These two terms are commonly used interchangeably, even though they are very different machines that work on different principles and serve different purposes. As you can see from the pictures below, windmills generally have more blades than modern day turbines. This is because windmills are used to do work, such as grind grain or pump water from a well. Windmills operate on the law of conservation of momentum.
The conservation of momentum can be easily understood on a pool table. The cue ball in motion has momentum and when it hits the other pool balls, the energy is transferred. The energy is not always transferred in a linear fashion however, as can be seen in the image at the right. Windmill blades are pitched so that when the wind hits them, it doesn’t push the blades backward but moves the blades rotationally.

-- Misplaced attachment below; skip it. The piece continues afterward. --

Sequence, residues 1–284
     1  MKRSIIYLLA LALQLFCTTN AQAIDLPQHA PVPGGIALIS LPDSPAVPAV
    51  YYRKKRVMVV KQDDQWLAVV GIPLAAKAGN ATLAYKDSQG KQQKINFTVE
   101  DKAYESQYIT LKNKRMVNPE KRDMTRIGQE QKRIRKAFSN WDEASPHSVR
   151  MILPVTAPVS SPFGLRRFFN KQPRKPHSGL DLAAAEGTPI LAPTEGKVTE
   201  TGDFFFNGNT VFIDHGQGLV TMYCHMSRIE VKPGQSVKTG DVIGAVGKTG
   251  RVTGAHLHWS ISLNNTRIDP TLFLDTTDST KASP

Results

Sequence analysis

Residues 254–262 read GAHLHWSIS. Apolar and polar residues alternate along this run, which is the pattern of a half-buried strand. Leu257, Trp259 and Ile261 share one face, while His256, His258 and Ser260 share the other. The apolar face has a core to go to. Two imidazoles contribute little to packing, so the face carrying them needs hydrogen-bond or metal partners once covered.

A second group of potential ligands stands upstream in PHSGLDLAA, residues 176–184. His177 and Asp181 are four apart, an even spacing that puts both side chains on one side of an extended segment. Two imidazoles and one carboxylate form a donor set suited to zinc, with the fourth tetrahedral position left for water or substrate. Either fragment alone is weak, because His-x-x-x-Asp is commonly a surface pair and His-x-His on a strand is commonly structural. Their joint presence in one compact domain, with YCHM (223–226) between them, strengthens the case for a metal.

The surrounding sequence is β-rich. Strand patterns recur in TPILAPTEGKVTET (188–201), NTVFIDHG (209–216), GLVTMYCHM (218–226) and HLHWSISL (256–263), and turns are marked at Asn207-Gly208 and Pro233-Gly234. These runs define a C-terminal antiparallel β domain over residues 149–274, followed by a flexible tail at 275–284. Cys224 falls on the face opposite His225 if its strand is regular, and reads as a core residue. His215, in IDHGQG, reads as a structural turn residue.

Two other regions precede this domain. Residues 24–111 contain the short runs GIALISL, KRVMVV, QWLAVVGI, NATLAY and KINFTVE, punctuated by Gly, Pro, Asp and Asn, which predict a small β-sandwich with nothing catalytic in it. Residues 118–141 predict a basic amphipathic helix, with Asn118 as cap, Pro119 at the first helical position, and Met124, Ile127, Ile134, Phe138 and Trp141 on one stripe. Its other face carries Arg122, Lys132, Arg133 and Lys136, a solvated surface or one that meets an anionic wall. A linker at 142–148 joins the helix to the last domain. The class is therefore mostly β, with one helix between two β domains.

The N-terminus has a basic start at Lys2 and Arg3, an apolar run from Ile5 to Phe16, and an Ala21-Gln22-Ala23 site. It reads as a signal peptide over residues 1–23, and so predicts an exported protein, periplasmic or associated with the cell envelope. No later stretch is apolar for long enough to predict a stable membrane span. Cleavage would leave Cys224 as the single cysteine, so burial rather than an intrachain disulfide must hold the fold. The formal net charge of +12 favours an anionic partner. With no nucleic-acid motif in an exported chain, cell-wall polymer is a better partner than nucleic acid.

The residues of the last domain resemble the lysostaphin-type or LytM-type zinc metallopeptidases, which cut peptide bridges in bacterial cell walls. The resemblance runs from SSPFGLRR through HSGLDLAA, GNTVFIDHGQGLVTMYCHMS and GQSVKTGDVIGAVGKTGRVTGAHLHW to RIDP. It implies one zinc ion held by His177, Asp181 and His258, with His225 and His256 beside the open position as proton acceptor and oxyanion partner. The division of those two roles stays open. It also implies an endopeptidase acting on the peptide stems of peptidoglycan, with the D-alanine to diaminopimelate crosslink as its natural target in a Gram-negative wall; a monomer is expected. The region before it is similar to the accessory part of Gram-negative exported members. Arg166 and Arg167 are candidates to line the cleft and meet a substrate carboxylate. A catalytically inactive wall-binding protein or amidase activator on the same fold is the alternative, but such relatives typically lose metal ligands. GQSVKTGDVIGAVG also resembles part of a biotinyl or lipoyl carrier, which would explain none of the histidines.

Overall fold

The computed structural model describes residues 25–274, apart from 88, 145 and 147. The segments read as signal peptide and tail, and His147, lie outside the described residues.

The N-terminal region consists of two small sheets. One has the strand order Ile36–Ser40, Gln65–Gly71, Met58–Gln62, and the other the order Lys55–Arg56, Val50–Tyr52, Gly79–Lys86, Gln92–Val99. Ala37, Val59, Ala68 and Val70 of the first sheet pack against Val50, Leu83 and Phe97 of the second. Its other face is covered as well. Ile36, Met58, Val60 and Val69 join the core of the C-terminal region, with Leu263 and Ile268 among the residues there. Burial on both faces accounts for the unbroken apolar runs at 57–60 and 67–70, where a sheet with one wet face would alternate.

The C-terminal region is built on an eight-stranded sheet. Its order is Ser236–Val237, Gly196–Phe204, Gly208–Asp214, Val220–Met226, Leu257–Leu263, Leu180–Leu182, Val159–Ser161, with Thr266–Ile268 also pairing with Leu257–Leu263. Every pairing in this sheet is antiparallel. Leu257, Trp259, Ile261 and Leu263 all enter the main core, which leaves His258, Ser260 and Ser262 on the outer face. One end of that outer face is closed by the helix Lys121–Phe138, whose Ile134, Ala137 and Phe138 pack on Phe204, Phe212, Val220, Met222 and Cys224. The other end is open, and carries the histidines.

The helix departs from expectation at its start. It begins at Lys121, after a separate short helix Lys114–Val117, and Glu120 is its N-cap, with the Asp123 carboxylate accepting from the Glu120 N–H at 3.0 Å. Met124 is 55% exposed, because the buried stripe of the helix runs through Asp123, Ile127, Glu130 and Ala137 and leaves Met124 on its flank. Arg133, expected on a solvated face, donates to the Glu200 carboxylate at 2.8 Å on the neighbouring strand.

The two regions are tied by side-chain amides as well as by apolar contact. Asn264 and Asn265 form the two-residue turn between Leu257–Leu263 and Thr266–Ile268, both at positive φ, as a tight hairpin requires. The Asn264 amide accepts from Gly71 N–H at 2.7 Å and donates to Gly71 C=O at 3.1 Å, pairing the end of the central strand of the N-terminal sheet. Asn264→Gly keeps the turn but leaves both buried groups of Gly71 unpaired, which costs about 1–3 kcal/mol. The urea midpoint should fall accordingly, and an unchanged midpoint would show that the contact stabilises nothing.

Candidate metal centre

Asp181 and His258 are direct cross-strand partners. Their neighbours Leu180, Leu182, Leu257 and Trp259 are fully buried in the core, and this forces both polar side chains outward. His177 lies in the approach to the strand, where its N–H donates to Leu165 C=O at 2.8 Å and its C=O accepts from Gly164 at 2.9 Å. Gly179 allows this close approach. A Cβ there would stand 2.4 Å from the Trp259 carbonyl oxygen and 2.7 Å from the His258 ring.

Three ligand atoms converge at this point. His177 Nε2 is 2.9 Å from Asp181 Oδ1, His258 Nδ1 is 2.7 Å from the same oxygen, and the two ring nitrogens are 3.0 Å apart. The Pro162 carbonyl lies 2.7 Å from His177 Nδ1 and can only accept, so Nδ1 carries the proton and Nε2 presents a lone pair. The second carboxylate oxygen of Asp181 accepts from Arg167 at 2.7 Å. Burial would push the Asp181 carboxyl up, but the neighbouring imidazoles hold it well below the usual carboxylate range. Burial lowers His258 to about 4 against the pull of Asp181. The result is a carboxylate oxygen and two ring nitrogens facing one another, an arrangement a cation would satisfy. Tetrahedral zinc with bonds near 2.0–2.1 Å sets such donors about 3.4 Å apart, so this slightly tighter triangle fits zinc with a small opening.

The linear momentum of wind is transferred into rotational momentum as it hits the angled windmill blades, causing them to spin. That rotational energy then powers gears or shafts that then do work.
Comparatively, Wind Turbines produce electricity. The blades are connected to a low speed shaft which is connected to either a gearbox or generator. See the section How a Wind Turbine Works to learn more about generators. Another key difference between windmills and turbines is that turbine blades operate on the principles of lift and drag, similar to that of airplane wings. As wind passes over an airfoil shape, a high and low pressure area form, causing lift, or in the case of wind turbines, causes the blades to rotate. See the section How a Wind Turbine Works to learn more about the lift/drag principles.